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The offices of MindGeek in Montreal on Dec. 9, 2020.Christinne Muschi/The Globe and Mail

An Ontario woman is alleging adult entertainment conglomerate MindGeek hosted a video depicting her sexual abuse at age 12 on Pornhub, its flagship website, according to a proposed class-action lawsuit against the company.

The application to authorize a class action was filed in Quebec’s Superior Court on Dec. 29. It seeks $600-million in total damages for those whose images were published on MindGeek’s sites without their consent since 2007. None of the allegations have been proven in court.

The woman, identified as Jane Doe in court documents, alleges she was notified about the existence of the video on Pornhub by an acquaintance through Twitter in the fall of 2019, but did not see the message until January of last year. The video was behind a paywall, but the woman recognized herself through a still image, she alleges.

She filled out a form on the site requesting the video be removed. Court documents say she received an automated response a few days later, and heard nothing from the company after that. She does not know if the video was removed, according to Louis Sokolov at Sotos LLP in Toronto, co-counsel in the matter.

Lawyers for Siskinds Desmeules in Quebec, which filed the application, allege in the court documents that MindGeek took “no steps” to ensure that only consensual material appeared on its sites, and that it did not employ enough properly trained content moderators to review user-uploaded videos for any instances of sex trafficking, rape and minors.

Instead, the documents say, MindGeek “generated significant revenue and profit from non-consensual” images and videos, and should have taken steps years ago to prevent hosting such material.

MindGeek did not immediately reply to a request for comment.

“What we’re seeing here is that more victims are finding the courage to break the silence,” said Christine St-Pierre, a Quebec Liberal Party national assembly member who has spoken out forcefully against MindGeek. “A lawsuit like this is essential. It won’t change the past for these victims. But it could bring them some comfort and force the company to be held accountable for its actions.”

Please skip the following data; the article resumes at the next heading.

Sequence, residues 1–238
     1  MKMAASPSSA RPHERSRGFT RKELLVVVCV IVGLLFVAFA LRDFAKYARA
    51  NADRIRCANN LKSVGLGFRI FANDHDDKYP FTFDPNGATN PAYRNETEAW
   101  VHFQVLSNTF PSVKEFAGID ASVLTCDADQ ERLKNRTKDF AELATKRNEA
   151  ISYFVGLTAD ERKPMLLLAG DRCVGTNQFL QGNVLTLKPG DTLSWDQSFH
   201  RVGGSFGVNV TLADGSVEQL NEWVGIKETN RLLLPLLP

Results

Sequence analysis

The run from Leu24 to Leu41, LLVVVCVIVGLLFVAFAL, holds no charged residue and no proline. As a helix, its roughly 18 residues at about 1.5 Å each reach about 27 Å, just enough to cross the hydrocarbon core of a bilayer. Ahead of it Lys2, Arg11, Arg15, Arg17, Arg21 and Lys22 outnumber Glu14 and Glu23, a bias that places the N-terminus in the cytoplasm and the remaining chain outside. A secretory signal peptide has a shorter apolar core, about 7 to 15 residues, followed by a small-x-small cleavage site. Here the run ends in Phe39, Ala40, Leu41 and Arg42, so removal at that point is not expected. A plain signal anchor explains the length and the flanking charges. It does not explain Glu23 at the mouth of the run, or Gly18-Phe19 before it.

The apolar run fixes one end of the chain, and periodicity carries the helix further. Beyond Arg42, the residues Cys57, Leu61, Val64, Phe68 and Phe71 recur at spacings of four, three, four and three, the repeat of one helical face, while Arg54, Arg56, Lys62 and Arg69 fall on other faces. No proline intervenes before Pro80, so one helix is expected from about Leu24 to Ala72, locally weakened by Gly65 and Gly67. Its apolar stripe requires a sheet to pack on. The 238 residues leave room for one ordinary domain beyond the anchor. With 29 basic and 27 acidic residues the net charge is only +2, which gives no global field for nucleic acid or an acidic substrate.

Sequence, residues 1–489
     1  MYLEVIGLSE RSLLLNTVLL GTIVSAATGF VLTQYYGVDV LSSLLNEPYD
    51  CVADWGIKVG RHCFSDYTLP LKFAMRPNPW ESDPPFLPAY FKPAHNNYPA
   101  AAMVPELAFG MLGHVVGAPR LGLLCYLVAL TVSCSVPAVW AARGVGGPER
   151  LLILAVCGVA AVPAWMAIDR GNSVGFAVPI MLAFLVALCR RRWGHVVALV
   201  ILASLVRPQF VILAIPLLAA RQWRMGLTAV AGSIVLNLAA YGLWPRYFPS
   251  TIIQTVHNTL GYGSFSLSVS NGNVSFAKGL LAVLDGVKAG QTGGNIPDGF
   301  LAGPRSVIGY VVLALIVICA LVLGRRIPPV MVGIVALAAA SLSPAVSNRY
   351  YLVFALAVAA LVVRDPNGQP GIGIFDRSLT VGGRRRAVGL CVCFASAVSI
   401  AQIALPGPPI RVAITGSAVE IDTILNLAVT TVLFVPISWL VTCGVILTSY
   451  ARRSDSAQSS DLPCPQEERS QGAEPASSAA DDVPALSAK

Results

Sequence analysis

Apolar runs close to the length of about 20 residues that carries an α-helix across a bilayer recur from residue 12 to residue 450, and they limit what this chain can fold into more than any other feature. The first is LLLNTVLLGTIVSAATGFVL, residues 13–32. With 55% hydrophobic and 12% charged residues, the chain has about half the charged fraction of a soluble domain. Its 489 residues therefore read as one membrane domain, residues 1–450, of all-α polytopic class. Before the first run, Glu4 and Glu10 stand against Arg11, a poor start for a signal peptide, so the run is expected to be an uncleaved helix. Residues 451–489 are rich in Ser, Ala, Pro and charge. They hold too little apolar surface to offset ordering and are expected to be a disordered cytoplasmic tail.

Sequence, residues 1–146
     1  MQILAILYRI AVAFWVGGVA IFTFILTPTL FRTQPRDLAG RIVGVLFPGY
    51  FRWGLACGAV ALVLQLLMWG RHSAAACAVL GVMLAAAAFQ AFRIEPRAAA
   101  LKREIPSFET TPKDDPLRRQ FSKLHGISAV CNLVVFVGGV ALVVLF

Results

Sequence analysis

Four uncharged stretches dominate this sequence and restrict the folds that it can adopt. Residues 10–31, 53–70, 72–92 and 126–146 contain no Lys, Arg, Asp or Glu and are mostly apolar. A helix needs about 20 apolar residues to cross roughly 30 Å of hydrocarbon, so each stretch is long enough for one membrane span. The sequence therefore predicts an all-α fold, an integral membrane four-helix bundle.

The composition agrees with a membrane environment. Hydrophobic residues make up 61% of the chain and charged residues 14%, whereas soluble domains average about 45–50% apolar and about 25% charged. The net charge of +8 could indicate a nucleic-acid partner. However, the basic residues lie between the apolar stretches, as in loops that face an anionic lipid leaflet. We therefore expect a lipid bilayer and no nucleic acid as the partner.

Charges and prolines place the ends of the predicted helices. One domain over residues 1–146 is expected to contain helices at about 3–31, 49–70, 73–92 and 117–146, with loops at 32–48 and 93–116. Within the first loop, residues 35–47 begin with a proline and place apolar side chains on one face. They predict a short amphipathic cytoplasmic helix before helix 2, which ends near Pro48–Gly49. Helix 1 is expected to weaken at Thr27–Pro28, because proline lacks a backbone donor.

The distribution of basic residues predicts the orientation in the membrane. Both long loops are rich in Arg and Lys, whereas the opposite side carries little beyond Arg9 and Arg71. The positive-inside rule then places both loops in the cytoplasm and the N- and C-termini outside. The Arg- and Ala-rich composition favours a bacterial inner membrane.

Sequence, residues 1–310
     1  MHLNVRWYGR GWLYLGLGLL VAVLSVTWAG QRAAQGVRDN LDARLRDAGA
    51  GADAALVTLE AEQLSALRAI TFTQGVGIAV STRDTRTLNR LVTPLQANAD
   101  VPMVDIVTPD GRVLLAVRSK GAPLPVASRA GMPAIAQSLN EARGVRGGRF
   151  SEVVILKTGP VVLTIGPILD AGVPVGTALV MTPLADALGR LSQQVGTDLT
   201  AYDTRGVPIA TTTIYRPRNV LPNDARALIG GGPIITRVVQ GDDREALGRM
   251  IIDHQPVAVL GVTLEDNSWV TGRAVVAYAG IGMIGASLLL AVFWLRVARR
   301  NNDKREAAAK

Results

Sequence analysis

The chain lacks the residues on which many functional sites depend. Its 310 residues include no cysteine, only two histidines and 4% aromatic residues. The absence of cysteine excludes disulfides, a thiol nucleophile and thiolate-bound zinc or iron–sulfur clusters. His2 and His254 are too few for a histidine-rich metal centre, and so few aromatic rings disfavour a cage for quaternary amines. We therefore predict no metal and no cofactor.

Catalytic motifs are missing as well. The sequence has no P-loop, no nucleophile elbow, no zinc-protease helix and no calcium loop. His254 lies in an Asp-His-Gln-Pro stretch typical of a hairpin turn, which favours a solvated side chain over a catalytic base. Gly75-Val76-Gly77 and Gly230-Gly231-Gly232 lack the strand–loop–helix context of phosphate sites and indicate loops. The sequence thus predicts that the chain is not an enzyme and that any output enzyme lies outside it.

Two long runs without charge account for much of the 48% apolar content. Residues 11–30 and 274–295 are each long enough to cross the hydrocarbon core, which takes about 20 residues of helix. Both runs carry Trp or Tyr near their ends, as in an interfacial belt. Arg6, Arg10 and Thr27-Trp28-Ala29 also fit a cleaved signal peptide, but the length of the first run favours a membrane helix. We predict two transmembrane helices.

Ms. St-Pierre, a member of the Quebec legislature’s committee on the sexual exploitation of minors, said that although the chief plaintiff is from Ontario, there are likely victims in Quebec as well.

MindGeek is registered in Luxembourg, but primarily operated in Montreal, where it employs between 750 and 999 people. Financial documents show MindGeek, which controls some of the biggest adult sites in the world, earned US$460-million in revenue in 2018 and turned a profit of US$22.2-million. (It’s also saddled with some US$370-million in high-interest debt.)

MindGeek has been in turmoil since a New York Times article in December said the company profits from videos of child sexual abuse and revenge pornography hosted on Pornhub. The article included accounts from women who said they were in videos posted without their consent. (A 2019 article in the Sunday Times in the U.K. also said Pornhub was flooded with illegal content.)

Shortly after the New York Times article, MasterCard banned the use of its cards on Pornhub when an internal investigation found “violations of our standards prohibiting unlawful content,” the company said. Visa suspended the use of its cards across MindGeek’s properties, but later reinstated access to sites offering “professionally produced adult studio content.” Visa said in late December its suspension for Pornhub and other MindGeek sites hosting user-generated content remained in effect pending an ongoing investigation.

Pornhub initially called allegations that it profits from illegal material “irresponsible and flagrantly untrue,” but has since made numerous changes to its operations. The company banned uploads from non-verified users and removed millions of videos that have been uploaded by such accounts over the years. The company said it would introduce a new user verification process this year, and grow its team of moderators to audit the site. In a blog post, Pornhub called these changes “the most comprehensive safeguards in user-generated platform history.”

Last month, the House of Commons ethics committee passed a motion introduced by Liberal MP Nathaniel Erskine-Smith requesting MindGeek executives appear before the committee early this year. Mr. Erskine-Smith said at the time politicians have an obligation to hold companies accountable when they “so incredibly failed to protect people.”

In December, 40 women from California sued MindGeek in a U.S. court alleging the company knew or should have known that one of its partners, known as GirlsDoPorn, regularly used fraud or coerced women to appear in videos. The lawsuit alleges that MindGeek did not end its partnership with the company until its operators were indicted in the U.S. in 2019.

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